- The Washington Times - Friday, October 26, 2001

Ralph Friedgen and the Maryland football team will try to walk on water in Tallahassee, Fla., tomorrow.

The Florida State football team does not lose at home in the ACC, not in 38 games, not ever. Most football teams take it one game at a time. The Seminoles have taken it one decade at a time in the ACC.

The Seminoles are 73-3 in the ACC since joining the center of the college basketball universe in 1992, with their only three losses occurring on the road: to Virginia in 1995, to N.C. State in 1998 and to North Carolina this season.

The Seminoles play football and put up with basketball season, the opposite of the ACC's other eight members. Coach Bobby Bowden is close to catching Joe Paterno, who is only catching grief at Penn State. One of the differences between the two legends is what passes as Florida State's competition in the ACC.

The 80,000 at Doak Campbell don't ask, "Who's going to win?" Between yawns, they ask,"By how much?" The tomahawk chop is their attempt to stay awake.

Teams don't go to Tallahassee to play football. They go there to work on their Lamaze technique before laying an egg.

The egg follows the flaming spear, delivered in contempt before the game by Chief Osceola atop Renegade.

"That's what they do," Friedgen says. "They intimidate from right when [they] throw that spear at you. I thought the cowboys won, though."

If there were a mercy rule, the ACC would have stopped these proceedings years ago. Or the ACC would have required the Seminoles to play with their hands tied behind their backs.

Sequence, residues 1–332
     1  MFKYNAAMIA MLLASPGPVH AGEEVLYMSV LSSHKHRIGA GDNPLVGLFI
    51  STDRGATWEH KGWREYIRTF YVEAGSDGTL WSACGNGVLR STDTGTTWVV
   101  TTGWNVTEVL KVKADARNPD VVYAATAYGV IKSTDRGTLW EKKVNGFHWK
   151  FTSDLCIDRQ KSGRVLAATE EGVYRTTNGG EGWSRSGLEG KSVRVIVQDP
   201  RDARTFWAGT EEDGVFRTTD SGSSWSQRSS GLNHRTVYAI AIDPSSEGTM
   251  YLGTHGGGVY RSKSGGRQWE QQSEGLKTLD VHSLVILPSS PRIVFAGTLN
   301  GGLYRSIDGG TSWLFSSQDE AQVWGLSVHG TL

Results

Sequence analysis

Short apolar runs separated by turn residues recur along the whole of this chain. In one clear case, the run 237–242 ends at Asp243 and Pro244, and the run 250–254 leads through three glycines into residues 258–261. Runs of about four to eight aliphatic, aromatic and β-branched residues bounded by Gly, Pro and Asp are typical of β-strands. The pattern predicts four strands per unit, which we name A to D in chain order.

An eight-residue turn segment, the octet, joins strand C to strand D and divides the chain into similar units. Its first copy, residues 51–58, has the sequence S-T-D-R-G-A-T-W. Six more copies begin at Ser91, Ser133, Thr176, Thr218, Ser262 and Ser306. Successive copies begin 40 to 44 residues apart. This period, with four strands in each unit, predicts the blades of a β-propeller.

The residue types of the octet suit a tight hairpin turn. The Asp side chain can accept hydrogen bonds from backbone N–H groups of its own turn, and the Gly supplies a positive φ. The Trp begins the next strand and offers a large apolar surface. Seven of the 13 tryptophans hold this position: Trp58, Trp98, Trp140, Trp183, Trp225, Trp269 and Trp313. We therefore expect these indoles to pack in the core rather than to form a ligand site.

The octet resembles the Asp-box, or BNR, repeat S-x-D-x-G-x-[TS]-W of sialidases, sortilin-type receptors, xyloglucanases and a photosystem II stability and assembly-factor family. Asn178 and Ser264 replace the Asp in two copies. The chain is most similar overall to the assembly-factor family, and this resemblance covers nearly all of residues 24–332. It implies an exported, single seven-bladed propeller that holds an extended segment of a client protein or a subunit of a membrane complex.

Charlie Ward was so good in football at Florida State that he won the Heisman Trophy and went to the NBA to be challenged.

But maybe this is the week the joke on the rest of the ACC comes to an end. Maybe it is not football business as usual in the ACC, too long the home of Florida State and the Eight Pipsqueaks.

The Seminoles are not what they once were, and that goes double for the Terrapins.

The Terps are 7-0, ranked No. 10 in the AP poll and destined to receive an invitation to their first bowl game since 1990.

Any bowl trip looks good to the Turtleheads at this point, even the Rogaine Nectarine/Your Mother Wears Combat Boots Bowl.

All the hosannas go to Friedgen, the improbable coach who counts takeaways and giveaways instead of calories.

Friedgen brings a lot of good stuff to the table, notably every food group imaginable. You have to love him. You would hug him if you could get your arms around him.

When he hosts "Breakfast with Fridge" the Friday before each home game, the fans pack their sleeping bags. Friedgen packs a knife and a fork, along with a pretty mean game plan.

"It will take a total effort for us to even have a chance to beat Florida State," he says.

That is coachspeak for the Seminoles lost to North Carolina 41-9, and the Terps defeated North Carolina 23-7 earlier in the season.

The Terps are not supposed to beat the Seminoles, of course, but they are not supposed to be 7-0, either. They are one of the eight undefeated teams left in the nation, and they are hanging out with the fast crowd in the first BCS standings, which come with an exhausting formula and a surgeon general's warning to take plenty of aspirin.

The Terps are facing a team grappling with indecision at quarterback, either Chris Rix or Adrian McPherson, both first-year performers.

Rix has committed eight turnovers in the last two games, the turnover being the bulwark of the Terps' season. The Terps have forced 25 turnovers in the seven games, a 3.6 average. The Terps are permitted to see hope in the numbers, their supporters the same.

The game is the principal attraction tomorrow, no flaming spear and mascot on a horse about it. The game is enough. Forget the 11 previous meetings between the programs, all Florida State. Forget, in particular, the meeting last season, a 59-7 ordeal for the Terps.

The Terps, for once, have a genuine chance against the Seminoles. Who knows? The crowd at Doak Campbell may have to watch the game to the end.

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